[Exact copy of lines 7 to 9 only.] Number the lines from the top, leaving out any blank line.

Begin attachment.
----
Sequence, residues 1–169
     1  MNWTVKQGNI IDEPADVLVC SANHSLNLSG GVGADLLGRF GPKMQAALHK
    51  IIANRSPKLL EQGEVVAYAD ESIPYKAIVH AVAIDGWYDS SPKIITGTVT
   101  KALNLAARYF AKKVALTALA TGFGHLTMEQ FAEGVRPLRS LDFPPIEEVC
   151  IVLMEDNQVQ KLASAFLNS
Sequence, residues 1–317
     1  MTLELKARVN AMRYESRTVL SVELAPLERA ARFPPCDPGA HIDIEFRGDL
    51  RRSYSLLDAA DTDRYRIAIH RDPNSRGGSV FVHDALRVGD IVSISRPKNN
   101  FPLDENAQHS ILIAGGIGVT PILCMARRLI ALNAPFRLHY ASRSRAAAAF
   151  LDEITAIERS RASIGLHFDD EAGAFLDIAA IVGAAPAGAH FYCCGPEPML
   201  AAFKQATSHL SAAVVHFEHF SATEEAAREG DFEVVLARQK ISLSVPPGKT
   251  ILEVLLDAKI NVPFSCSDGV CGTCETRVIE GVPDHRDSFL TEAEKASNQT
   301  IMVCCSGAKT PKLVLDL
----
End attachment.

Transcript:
     1  MTLELKARVN AMRYESRTVL SVELAPLERA ARFPPCDPGA HIDIEFRGDL
    51  RRSYSLLDAA DTDRYRIAIH RDPNSRGGSV FVHDALRVGD IVSISRPKNN
   101  FPLDENAQHS ILIAGGIGVT PILCMARRLI ALNAPFRLHY ASRSRAAAAF